By Robert Weiner and Chrisanthy Stotis
Did Chicago lose 2016 Olympics By Playing Straight?
The FIFA (world soccer) criminal corruption indictments by US and Swiss law enforcement were huge developments with worldwide repercussions. However, FIFA could not be alone for bribes from countries for the privilege to host a world championship. Allegations have swirled around the Olympics for years. With FIFA outed, are the Olympics next? Could Chicago and the U.S. have lost the Olympics for the same reason the U.S. lost hosting the World Cup?
Internal Olympic investigations have confirmed that members of the IOC, International Olympic Committee, have accepted bribes, "gifts", and kickbacks in exchange for a city's selection. In 1998, Swiss IOC member and Games Oversight Committee Chairman, Marc Holder, disclosed that the Salt Lake bid committee lavished gifts onto IOC members who were deciding where the 2002 games were to be held.
The gifts included college scholarships, jobs for members' children, and money. Other bribes included paying for family vacations, plastic surgery, Super Bowl tickets, and cash between three and seven million dollars.
Mitt Romney was brought in to provide new leadership of the Salt Lake committee. But even then, he gave several bid gift-givers contracts including travel hospitality owner Sead Dizdarevic, who admitted in court giving $130,000 to bid committee members.
Romney also allowed drug supplement companies' advertising money He awarded a $20 million sponsorship to Utah-based Nu Skin, and subsidiary Pharmanex distributed supplements to all Salt Lake Olympians. WADA, the World Anti-Doping Agency, in charge of Olympic drug testing, was advising athletes not to take such supplements, citing concerns they may be tainted. WADA Chair Dick Pound said, "I'd be reluctant to have a sponsorship agreement while the industry is fighting regulation and offering disinformation." Later, Nu Skin Founder Steven Lund put $2 million into Romney Super PAC Restore our Future in 2011, according to campaign disclosure forms.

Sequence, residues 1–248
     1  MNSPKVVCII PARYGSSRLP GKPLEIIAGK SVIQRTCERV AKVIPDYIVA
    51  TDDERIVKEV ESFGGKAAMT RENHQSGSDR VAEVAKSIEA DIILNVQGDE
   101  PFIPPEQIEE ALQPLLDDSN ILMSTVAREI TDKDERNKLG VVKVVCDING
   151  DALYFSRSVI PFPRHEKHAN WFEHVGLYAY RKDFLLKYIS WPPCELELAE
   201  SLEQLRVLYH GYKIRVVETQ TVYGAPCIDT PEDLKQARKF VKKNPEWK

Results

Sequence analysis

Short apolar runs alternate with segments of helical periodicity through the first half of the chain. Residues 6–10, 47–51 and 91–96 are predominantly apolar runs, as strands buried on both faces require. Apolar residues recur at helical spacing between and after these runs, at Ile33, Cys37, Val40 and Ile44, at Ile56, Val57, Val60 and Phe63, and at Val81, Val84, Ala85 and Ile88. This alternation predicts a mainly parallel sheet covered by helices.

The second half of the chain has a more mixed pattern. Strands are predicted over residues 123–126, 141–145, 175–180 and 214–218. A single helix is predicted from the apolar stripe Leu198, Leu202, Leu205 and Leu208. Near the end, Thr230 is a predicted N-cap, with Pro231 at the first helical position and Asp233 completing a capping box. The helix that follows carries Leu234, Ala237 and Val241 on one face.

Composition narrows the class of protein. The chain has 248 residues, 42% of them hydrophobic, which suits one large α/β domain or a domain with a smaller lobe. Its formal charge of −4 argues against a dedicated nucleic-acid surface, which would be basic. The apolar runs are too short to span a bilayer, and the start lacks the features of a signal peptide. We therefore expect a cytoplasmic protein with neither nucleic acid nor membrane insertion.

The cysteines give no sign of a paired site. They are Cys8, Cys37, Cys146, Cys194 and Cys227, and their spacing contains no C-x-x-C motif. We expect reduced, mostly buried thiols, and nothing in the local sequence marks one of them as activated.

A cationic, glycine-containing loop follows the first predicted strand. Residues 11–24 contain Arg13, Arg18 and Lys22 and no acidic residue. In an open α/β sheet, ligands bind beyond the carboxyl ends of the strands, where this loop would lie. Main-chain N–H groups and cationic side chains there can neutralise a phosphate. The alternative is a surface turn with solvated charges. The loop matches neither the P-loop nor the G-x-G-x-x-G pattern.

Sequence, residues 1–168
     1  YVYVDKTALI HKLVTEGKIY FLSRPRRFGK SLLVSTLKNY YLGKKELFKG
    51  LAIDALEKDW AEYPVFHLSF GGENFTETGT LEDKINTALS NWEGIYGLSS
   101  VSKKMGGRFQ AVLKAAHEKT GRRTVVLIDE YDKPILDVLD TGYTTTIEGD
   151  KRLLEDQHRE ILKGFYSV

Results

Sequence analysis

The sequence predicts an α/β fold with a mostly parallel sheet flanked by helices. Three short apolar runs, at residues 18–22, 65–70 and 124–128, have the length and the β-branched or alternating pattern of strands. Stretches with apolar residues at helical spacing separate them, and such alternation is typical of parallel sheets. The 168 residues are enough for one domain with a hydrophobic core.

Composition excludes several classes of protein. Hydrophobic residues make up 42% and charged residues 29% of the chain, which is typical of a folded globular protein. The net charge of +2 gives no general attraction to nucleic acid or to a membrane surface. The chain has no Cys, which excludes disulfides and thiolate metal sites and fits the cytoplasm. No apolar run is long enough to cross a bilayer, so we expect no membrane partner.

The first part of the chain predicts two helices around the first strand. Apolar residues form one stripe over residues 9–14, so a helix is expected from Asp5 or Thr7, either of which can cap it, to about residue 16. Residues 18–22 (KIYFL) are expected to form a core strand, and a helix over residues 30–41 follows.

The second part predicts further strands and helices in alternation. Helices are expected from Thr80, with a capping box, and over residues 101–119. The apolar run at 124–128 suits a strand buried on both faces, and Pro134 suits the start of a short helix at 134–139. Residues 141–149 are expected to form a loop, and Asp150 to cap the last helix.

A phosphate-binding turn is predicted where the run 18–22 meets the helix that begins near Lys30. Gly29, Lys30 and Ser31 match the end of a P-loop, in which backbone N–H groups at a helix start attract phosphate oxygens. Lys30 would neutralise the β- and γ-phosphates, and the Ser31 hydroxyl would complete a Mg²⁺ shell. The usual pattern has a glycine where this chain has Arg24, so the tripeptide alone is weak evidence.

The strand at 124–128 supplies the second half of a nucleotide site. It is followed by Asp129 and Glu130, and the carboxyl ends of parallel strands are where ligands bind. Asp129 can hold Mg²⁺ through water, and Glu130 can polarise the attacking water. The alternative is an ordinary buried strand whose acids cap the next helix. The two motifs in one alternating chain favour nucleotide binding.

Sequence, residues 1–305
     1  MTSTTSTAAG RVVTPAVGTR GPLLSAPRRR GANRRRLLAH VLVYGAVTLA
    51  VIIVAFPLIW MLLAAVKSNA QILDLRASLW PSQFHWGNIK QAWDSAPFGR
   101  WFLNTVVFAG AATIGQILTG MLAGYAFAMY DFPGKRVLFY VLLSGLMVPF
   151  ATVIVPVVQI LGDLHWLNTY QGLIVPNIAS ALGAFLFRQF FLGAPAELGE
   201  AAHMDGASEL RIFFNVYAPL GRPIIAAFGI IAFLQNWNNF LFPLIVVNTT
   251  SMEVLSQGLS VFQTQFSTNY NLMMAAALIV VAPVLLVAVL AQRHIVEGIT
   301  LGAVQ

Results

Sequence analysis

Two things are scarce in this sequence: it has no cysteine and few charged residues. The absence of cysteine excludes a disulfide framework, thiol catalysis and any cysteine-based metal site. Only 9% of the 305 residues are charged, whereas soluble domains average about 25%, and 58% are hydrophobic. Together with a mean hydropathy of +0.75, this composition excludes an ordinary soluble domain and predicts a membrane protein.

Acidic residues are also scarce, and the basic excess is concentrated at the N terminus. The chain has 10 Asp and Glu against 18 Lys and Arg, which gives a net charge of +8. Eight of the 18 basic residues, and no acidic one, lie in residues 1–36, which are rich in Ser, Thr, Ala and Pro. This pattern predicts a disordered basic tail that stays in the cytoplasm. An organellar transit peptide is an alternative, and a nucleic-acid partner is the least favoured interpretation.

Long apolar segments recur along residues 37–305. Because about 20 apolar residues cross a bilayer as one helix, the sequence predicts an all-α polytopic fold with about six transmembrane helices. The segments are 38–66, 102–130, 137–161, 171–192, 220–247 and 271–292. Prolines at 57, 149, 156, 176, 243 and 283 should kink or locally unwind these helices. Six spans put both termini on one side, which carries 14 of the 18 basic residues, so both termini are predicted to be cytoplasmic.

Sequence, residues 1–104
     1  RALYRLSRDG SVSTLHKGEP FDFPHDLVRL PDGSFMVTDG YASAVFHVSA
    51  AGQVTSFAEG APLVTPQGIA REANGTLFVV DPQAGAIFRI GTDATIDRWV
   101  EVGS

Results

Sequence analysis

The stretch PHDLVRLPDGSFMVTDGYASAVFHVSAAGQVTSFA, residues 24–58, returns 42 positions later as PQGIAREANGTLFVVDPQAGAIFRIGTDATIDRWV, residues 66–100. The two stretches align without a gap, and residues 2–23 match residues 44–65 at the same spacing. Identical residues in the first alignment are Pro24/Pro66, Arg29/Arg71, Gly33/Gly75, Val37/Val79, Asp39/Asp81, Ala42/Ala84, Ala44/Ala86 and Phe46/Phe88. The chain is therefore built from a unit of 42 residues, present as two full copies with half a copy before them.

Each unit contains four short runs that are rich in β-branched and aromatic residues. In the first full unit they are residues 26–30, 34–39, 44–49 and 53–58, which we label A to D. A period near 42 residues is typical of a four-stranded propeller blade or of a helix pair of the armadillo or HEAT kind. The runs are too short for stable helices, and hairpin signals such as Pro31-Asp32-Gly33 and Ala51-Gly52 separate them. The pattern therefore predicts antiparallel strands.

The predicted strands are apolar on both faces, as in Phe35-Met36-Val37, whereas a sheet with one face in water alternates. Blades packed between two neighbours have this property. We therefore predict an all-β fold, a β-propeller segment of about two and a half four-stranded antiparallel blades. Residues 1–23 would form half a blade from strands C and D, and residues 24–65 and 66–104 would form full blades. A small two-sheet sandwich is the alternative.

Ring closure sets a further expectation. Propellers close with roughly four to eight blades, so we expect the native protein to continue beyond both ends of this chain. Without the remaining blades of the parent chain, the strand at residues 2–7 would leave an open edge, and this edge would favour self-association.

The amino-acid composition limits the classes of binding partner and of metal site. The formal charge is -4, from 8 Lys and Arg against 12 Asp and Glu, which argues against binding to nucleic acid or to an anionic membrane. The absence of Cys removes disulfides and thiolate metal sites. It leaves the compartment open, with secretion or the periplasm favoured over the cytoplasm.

Accusations of Olympic bribes didn't die with Salt Lake. There were multiple allegations made in 2004 by the Guardian and the Daily Mail that IOC members sold their votes for the 2012 London Olympics.
The last U.S. city to come close to hosting an Olympics was Chicago, one of four finalists for the 2016 Summer Games. As reported by NPR, "The scandalous behavior of IOC members and Salt Lake City Olympic bidders in the 1990s triggered reform that effectively banned gifts and favors. The reform effort also made it difficult to apply legitimate politicking." NPR continued, "This not only hogtied the savvy political operatives in Chicago, it also minimized the role of President Obama, the Olympic bidder-in-chief."
In other words, after the Salt Lake scandal, the US was scared straight against bribing for the Games. But that may not have stopped other countries from using old Olympic traditions to win.
Right now, the final two contestants for the 2022 Winter Olympics, China and Kazakhstan, are briefing IOC members. Norway, Sweden, and Ukraine all dropped their bids. According to Norwegian paper VG, no one wanted to accede to IOC demands including separate IOC members' road lanes, "fully stocked bars" for the IOC, ceremonies for IOC leaders, and private IOC airport entrances.
On July 31 this year in Malaysia, the 2022 host city will be voted. This means that if there are any "gifts" being exchanged between applicant cities and the IOC, they are being bartered now.
The current investigation spearheaded by the U.S. Justice Department and the government of Switzerland has unmasked the skeletons in FIFA's closet. A similar investigation could hit the Olympics, now that no one is too big for the truth.
Since Chicago lost the bid, let's make sure they lost it fair and square.
Robert Weiner was White House Drug Policy Office spokesman and was WADA's Salt Lake City Games media spokesman. Chrisanthy Stotis is sports policy analyst at Robert Weiner Associates and Solutions for Change.